STCO 426 Blog Post #6

In chapter 8 of Loyalty 3.0: How Big Data and Gamification Are Revolutionizing Customer and Employee Engagement, Paharia (2013) gives four steps in order to make and use a Loyalty 3.0 program which are “plan, design, build, and optimize” (p. 190). Chapter 8 covered the first step to making and using a Loyalty 3.0 program in your organization (Paharia). This is “the planning step” (p. 190). Paharia lists eight steps inside of this one step. It was a very straightforward chapter to read as it was a step-by-step guide.

Paharia’s (2013) first three steps involve things you must figure out. The first step is figuring out the main issue or issues related to the business that you desire to solve (Paharia). This is currently “what’s most important to your business” (p. 192). The second step is figuring out your target audience which is based on what the issue is that you are trying to fix (Paharia). After figuring out the audience, it is good to come up with personas to help imagine being in someone’s place (Paharia). This excited me because I have always had a great imagination. I love that it can be utilized in the workplace in this way. This caught my attention because I love imagining. I found a source that did research with experts on personas relating to design and found, “Instead of talking about general ‘consumers’, personas bring the target consumers to life and help to integrate their needs and goals as a central driver of design processes” (Miaskiewicz & Kozar, 2011, pp. 426–427). It is cool to see this helps in a specific setting. The third step is figuring out what actions you want the audience to take (Paharia, 2013). These actions must be able to be measured (Paharia).

The fourth step is choosing your key performance indicators (Paharia, 2013). These are how you will measure if the Loyalty 3.0 program is creating the changes you want (Paharia). If you do not measure, you do not know how the program is doing. The fifth step is coming up with a mission statement which explains your goals (Paharia). This statement gives a clear direction to go in (Paharia). An example Paharia gave illustrates what this looks like, “The Loyalty 3.0 program on our website will engage our customers, promote loyalty, and increase our customer retention rate by 36 percent” (p. 195). Paharia’s sixth step is to “understand the constraints you’re working within” (p. 198). This is an examination of the practicality of everything which affects choices you make (Paharia).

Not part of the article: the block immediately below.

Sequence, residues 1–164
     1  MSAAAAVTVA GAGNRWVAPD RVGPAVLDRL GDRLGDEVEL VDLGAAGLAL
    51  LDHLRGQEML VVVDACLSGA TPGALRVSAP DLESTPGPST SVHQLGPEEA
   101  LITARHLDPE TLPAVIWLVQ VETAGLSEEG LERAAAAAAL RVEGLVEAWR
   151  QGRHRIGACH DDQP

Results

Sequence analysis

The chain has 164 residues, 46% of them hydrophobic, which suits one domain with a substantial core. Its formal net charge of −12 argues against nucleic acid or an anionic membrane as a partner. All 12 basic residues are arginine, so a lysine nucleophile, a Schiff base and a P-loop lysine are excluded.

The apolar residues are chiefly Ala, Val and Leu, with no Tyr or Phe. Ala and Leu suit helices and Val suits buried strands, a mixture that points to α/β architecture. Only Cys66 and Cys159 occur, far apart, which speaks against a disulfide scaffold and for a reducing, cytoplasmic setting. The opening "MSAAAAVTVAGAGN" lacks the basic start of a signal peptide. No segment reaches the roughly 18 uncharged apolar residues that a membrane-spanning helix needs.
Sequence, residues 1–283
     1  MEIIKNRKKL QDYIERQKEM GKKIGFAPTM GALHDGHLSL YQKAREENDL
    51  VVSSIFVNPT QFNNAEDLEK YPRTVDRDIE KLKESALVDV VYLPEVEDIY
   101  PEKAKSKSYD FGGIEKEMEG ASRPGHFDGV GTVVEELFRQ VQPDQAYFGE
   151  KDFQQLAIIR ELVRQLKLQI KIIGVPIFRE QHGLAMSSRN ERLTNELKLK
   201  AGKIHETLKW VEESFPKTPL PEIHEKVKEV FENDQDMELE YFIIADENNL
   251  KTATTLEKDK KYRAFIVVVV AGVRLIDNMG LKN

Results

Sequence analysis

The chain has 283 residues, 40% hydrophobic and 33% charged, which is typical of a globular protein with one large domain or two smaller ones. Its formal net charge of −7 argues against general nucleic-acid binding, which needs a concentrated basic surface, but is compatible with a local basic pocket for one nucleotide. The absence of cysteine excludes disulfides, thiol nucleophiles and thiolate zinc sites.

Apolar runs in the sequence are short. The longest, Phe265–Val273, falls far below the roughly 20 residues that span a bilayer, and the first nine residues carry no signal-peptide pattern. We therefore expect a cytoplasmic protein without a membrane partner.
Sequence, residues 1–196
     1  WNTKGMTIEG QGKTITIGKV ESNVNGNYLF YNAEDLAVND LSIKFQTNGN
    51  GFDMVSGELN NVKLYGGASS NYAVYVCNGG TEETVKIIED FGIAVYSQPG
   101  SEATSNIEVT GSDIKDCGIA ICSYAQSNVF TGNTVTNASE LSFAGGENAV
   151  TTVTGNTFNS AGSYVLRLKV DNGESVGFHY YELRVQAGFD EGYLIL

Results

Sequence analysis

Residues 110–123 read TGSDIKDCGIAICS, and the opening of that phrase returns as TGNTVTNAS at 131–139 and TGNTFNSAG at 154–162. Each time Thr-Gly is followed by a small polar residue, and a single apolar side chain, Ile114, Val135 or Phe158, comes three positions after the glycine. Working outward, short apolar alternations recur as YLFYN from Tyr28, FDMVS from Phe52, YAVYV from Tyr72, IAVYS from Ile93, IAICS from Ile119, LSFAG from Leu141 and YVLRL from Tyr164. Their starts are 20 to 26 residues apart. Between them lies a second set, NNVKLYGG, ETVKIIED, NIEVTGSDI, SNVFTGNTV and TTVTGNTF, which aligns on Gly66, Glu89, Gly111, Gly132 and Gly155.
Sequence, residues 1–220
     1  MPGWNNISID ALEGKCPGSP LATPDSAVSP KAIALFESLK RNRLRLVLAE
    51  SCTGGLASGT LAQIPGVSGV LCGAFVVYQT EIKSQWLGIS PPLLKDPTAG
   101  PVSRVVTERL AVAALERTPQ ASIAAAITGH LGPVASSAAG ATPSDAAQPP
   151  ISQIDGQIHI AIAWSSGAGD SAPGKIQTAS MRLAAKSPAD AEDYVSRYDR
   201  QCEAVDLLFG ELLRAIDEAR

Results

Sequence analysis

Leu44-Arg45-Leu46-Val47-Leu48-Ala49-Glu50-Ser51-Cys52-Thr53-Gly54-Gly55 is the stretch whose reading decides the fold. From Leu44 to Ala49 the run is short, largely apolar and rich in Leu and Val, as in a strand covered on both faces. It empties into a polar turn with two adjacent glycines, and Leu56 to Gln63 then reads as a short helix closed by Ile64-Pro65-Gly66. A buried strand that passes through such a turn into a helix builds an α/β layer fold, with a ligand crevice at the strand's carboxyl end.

The seventh step is to figure out the return on investment which is valuable to the business (Paharia). The return on investment looks at what it costs versus what you earn in return (Paharia). This can include something of value that is not in dollars (Paharia). Paharia writes that a positive return on investment “is necessary not only to secure any organizational buy-in and investment but also to make sure your Loyalty 3.0 strategies and tactics align with your business objectives” (p. 200). It all comes down to the return on investment (Paharia).

Paharia’s (2013) eighth and final step is to pitch the plan to the internal stakeholders in your organization. Paharia writes, “The end goal is to get buy-in and investment from senior management and all stakeholders” (p. 204). Paharia recommends incorporating stories into the pitch because people learn more effectively with stories. In conclusion, I learned much from reading this chapter.


Miaskiewicz, T. & Kozar, K. A. (2011). Personas and user-centered design: How can personas benefit product design processes? Design Studies, 32(5), 417–430,

Paharia, R. (2013). Loyalty 3.0: How big data and gamification are revolutionizing customer and employee engagement. McGraw-Hill.



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